Rishi Sunak should scrap VAT on climate-friendly products such as solar panels
They said it would create jobs, boost the economy and improve the take-up of green measures that should reduce household bills in the long term. The British Property Federation said it would be “one of the most impactful tax changes to support the improvement of both the energy efficiency and health and safety standards of our homes”.
We are working with eco-entrepreneur Dale Vince to press for an end to a Government tax system that backs fossil fuels and punishes going green.
The system is undermining the Government’s commitment to Net Zero by 2050 which entails slashing greenhouse gas emissions and offsetting any remaining by, for example, planting trees.
Central to this is retrofitting the nation’s 28 million homes to reduce energy use – and them warmer in the process.
Brexit means Mr Sunak is no longer bound by EU VAT rules and can set his own rates to suit the UK.
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And yesterday Adrian Ramsay, the chief executive of MCS Foundation – a leading charity in the renewables and green homes sector, said: “The Daily Express Campaign to make Zero Carbon = Zero VAT is just common sense.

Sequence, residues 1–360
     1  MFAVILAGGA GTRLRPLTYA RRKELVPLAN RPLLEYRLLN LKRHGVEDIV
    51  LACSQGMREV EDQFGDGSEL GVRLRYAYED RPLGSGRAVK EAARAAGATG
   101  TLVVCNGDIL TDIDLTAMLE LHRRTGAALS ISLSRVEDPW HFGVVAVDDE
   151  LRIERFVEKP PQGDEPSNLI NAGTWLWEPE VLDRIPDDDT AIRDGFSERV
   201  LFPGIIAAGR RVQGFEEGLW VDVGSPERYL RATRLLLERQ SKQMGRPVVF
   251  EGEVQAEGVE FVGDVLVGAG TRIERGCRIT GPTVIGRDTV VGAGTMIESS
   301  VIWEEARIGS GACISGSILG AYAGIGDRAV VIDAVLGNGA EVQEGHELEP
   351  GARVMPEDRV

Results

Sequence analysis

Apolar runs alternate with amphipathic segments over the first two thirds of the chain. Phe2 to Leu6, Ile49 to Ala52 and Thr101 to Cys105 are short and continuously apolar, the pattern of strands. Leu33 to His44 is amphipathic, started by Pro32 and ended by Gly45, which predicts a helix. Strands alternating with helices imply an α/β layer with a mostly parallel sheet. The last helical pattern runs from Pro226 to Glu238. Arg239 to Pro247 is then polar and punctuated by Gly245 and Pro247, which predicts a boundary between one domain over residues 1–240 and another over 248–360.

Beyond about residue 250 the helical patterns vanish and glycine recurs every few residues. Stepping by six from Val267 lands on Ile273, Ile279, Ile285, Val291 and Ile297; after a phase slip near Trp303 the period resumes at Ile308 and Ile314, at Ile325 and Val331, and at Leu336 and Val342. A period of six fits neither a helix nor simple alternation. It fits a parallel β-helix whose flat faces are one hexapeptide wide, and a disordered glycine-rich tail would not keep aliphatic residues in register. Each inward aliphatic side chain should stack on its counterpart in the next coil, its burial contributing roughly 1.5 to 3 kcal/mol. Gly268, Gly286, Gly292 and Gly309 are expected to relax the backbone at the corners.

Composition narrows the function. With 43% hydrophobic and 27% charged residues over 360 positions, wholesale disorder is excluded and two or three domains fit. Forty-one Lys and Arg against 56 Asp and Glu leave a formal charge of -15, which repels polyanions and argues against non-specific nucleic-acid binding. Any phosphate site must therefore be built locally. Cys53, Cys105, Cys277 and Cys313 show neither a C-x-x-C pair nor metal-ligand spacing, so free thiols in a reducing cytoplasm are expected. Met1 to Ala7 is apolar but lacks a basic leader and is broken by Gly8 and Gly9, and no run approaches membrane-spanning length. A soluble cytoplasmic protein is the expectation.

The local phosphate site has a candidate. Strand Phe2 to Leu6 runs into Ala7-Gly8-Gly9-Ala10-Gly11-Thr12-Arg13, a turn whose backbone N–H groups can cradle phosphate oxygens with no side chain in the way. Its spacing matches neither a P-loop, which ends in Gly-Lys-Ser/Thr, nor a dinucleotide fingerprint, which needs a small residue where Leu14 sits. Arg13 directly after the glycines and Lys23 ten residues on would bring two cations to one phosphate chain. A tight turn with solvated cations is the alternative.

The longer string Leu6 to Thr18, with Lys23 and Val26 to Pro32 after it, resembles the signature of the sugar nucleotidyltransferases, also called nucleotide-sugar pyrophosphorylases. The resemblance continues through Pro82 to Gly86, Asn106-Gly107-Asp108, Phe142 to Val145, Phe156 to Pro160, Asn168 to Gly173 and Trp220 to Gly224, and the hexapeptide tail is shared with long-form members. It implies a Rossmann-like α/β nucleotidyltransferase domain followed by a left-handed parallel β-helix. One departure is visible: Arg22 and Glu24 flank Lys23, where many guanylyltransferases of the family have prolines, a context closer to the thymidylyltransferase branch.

“Now is the time for the Government to reform the VAT rules which currently support coal and gas, and discriminate against clean zero carbon technologies.
“If the Government can zero rate cake then it can do the same for green technologies that will boost the renewables industry and be good for communities and the planet.”
The Daily Express is calling on the Government to show world leadership on the environment in the run-up to the G7 in Cornwall in June and the delayed Cop 26 climate summit in Glasgow in November.
Rishi Sunak is urged to do his bit to help the green future
We want Mr Johnson to opt for Zero for Zero and to make more space for nature.
And yesterday the chief executive of the Builders Merchants Federation, John Newcomb, said he has written to the Government urging a cut in VAT from 20 percent at least 5 percent on climate friendly measures.
Mr Newcomb, who represents a £38billion industry with more than 190,000 employees, said: “BMF members have a key role to play as they make and deliver the majority of materials and products used to provide low carbon solutions for today’s housing.
“The BMF strongly supports the ‘Fabric First’ concept with a coherent, long-term framework that combines better insulation, efficient boilers and low-carbon, micro-generation on the road to net zero carbon emissions.
“Reducing VAT from 20 percent to 5 percent on home improvement works, on the products and installation, is central to this aim and the BMF has written to the Government to outline the economic, environmental and social benefits from improving existing properties with a lower VAT rate.”
A study for the Federation of Master Builders (FMB) forecast a £15billion boost to the economy from a cut in VAT on housing renovation and repair work from 20 per cent to 5 per cent.
FMB chief executive Brian Berry said: “The UK’s 28 million homes are responsible for a fifth of our carbon emissions.